Liverpool’s Maritime Museum is hosting a new free exhibition which aims to give tourists and locals a better understanding of the Titanic and the connection it has with the city.
The infamous cruise liner was registered in Liverpool, making the city her home port, as shipping company White Star Line owned The Titanic and was based here.
The exhibition, entitled ‘Titanic and Liverpool: the untold story’, follows on from last year’s centenary of the sinking of the ship, and adds to the museum’s permanent gallery ‘Titanic, Lusitania and the Forgotten Empress’.
It is now open to public viewing and will end on April 21st this year.
The centenary of the sinking in April last year brought with it a surge of interest in the Titanic and Maritime Museum Curator Rebecca Watkin told JMU Journalism: ‘‘We’ve had over 500,000 visitors since March 2012, which is way more than we imagined.’’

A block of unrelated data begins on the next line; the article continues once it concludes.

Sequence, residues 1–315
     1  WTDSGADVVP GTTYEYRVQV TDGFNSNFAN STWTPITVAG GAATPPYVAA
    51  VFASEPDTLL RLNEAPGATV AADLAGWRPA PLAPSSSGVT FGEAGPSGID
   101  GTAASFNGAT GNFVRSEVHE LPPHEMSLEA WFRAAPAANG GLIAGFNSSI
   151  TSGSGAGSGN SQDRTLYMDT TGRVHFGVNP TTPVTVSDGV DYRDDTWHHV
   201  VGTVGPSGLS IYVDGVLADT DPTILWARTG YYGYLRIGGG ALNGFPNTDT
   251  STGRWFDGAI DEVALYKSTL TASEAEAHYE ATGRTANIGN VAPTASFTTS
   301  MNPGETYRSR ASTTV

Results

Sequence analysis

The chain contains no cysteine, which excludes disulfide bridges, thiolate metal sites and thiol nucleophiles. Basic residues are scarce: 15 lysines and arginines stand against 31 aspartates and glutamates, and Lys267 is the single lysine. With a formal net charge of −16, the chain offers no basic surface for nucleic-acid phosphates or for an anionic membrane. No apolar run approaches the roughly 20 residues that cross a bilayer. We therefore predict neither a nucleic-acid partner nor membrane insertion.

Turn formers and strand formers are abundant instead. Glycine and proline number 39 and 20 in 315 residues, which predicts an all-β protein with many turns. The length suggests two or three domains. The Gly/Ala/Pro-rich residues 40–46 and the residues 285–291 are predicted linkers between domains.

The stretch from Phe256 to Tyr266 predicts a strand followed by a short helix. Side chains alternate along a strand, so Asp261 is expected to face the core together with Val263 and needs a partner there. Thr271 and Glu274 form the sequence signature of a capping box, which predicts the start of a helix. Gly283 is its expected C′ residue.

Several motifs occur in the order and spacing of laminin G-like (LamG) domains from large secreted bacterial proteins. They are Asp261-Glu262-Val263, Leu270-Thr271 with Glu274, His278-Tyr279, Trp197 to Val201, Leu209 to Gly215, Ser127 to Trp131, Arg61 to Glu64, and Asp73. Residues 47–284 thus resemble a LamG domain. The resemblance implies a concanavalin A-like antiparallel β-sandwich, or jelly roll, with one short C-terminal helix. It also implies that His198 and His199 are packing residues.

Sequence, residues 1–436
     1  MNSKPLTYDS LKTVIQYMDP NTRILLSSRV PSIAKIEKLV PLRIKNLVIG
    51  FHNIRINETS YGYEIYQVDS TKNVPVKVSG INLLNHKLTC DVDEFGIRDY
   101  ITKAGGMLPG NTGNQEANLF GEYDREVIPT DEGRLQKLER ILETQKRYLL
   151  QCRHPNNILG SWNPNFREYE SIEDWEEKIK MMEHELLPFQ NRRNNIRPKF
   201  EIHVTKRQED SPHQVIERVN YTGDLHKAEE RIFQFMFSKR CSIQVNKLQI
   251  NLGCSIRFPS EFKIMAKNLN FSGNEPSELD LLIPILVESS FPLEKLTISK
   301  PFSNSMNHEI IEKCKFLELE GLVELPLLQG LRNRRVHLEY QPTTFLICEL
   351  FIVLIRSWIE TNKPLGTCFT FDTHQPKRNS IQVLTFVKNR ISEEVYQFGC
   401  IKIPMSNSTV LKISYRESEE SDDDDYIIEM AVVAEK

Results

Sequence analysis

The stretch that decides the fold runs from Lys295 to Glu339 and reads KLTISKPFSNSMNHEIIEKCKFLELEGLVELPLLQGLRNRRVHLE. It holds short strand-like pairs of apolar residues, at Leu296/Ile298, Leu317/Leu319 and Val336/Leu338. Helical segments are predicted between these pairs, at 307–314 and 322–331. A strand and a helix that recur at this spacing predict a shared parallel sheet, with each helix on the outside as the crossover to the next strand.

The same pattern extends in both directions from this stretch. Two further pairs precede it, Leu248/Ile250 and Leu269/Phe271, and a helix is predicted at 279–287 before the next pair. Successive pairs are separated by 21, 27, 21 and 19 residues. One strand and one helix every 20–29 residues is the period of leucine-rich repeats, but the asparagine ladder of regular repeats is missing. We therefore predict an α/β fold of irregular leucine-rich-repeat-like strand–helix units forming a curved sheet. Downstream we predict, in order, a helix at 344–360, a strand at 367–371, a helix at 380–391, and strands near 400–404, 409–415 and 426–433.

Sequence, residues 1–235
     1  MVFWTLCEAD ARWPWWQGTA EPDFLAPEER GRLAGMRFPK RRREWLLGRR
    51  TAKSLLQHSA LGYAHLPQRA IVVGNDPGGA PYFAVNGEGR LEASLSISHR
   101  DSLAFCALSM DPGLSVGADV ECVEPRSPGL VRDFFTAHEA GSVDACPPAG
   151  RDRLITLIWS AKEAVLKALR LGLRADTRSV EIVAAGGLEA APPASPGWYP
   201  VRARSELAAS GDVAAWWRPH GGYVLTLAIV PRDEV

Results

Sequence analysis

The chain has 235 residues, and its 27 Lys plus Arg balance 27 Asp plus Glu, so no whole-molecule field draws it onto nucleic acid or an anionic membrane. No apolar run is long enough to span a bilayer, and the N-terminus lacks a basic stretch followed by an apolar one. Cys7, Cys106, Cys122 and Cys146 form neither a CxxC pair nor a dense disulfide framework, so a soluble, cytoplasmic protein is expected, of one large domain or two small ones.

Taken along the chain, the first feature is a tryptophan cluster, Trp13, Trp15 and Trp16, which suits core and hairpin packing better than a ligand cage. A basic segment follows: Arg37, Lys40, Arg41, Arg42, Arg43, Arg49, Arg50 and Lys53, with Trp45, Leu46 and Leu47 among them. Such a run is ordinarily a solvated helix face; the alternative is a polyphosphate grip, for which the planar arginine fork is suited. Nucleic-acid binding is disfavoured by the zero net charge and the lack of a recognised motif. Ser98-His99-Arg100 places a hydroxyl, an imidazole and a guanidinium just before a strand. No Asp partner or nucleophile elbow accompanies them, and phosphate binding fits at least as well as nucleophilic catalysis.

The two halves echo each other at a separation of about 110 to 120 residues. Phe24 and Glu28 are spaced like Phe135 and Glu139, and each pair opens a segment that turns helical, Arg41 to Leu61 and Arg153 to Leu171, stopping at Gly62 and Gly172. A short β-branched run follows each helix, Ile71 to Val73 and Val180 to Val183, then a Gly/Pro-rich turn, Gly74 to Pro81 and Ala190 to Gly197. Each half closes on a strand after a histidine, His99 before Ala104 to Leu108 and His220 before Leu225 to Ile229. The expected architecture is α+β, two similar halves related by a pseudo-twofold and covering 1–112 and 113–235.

‘Titanic and Liverpool: the untold story’ boasts a variety of different items, including the only known surviving first class ticket and new shipwreck items which have only recently been put on display. Rebecca added: ‘‘We hope the personal stories come through in this exhibition and the objects complement these accounts.’’
The exhibition cost £150,000 to set up and the latest addition to the display is a collection of letters that were written by Liverpool-born Henry Wilde, who was second in command aboard the Titanic. These documents give vivid accounts about life aboard the Titanic, and show his personal experiences along with key diary entries.
Rebecca said: ‘‘There are a lot of personal stories, and I like to think that it is not our voice but it’s the families affected. I hope the exhibition is more about their voice than the curators.’’